BTW, I do know that some consultants have advised clients to do what you described:  to pay both the competitive market premium pay rate AND add something extra for "cost of living", but I consider it a bogus cop-out.  It pleases the employees and it sure makes it easy to hire new people, though, when you pay that much more than anyone else in town.  So I understand why they may consider it smart consulting practice.  If the outfit that follows that bum advice can afford to stay in business while others get the same productivity from lower labor costs, of course.



Factoring Cost of Living into Geographic Differentials  
Posted: 03/27/2009 08:14pm  

P.S.  The only reason our Geographic Assessor includes a calculation of  Renters' Living Costs (the average amount spent in a year by a person making $####) as a point of information along with the more important local pay differentials at the same base-city salary level, is because our subscribers demand it.  I hate running the risk that someone will mistake the COL figure as related to the salary figure, because it isn't.  The two are completely independent of each other and are calculated from quite distinctly different databases and play different roles for different reasons.

Living costs for renters are shown primarily because of transfers and hires from other locations who (a) may properly require/demand a lump sum bridge payment to ease their entry to a more expensive community, (b) when they learn what the pay premium will be for this competitive labor market, need to know that management is also aware what it costs to live there and (c) to be prepared to manage expectations.  Per the last item, i.e., if someone hired from Long Island who worked in Manhattan is transferred to Big Springs TX, they may be horrified at the low pay levels among their new office peers but they will be even more stunned at how far their dollars go there.  That can be an important persuasive factor.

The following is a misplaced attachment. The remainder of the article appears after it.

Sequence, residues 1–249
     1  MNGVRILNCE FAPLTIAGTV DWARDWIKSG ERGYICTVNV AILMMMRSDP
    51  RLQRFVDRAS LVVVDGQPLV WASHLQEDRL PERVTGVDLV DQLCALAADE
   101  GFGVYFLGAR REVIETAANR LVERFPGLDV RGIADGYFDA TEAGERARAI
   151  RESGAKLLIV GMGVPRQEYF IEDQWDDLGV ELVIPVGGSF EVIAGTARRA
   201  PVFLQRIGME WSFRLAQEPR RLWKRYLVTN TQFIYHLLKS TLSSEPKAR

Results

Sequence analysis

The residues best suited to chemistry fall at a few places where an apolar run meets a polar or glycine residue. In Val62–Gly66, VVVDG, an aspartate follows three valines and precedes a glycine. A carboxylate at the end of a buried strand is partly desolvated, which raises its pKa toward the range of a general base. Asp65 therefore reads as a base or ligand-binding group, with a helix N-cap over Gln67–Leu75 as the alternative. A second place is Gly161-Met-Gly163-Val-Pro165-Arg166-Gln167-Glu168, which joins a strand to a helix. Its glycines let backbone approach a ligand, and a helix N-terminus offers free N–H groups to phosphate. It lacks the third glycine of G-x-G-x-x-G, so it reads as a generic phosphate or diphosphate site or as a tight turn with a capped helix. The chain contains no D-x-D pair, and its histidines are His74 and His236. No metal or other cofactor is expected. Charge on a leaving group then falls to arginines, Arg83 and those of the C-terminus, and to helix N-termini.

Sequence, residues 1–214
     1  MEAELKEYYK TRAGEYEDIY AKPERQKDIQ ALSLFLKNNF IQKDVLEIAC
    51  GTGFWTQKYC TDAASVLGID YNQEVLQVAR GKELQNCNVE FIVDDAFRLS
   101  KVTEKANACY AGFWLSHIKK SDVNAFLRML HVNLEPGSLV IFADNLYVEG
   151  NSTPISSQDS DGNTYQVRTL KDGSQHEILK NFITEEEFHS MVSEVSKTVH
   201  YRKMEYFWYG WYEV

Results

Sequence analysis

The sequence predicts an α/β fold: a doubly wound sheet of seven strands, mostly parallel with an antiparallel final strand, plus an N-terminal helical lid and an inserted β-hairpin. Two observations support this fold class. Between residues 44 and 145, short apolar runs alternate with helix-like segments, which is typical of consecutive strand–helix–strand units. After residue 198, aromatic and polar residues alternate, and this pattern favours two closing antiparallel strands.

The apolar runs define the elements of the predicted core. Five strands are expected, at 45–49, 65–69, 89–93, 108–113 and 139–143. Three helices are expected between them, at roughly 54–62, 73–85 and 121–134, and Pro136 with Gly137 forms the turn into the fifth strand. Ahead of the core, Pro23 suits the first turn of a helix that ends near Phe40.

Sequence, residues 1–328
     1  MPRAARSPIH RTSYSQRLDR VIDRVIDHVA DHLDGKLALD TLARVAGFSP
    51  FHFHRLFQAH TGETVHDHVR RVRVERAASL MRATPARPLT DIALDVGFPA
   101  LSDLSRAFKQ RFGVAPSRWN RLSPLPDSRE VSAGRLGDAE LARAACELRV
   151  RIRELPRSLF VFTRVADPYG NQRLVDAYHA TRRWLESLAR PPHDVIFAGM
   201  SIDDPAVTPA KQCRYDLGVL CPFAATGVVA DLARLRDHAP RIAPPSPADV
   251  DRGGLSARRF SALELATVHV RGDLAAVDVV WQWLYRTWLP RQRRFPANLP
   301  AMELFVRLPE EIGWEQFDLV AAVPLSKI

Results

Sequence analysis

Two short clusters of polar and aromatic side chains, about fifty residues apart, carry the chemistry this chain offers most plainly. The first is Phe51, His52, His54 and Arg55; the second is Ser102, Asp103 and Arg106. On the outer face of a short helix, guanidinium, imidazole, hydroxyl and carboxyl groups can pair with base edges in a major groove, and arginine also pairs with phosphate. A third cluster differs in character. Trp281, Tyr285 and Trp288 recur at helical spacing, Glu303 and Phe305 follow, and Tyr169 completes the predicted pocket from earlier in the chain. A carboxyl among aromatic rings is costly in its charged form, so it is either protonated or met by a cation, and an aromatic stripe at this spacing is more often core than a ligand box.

For those who really want to measure precise living costs, I recommend the Relocation Assessor.  Designed to identify exact family expenses at various budget levels between cities, it requires input for all the variables that affect family lifestyle costs and is rifle-shot accurate for either homeowners or renters.  The Geographic Assessor is primarily a labor cost comparison calculator with a separate tiny bit of renters' expense pattern data based on salary alone, for general information.


Factoring Cost of Living into Geographic Differentials  
Posted: 04/01/2009 08:00am  

Compensation consultants such as Mercer and Watson Wyatt publish geographic pay differential reports for their clients. Why don't you ask them how they calculate the differentials---cost-of-living or cost-of-labor? That will help you establish an industry standard or best practice to use to guide your company's approach.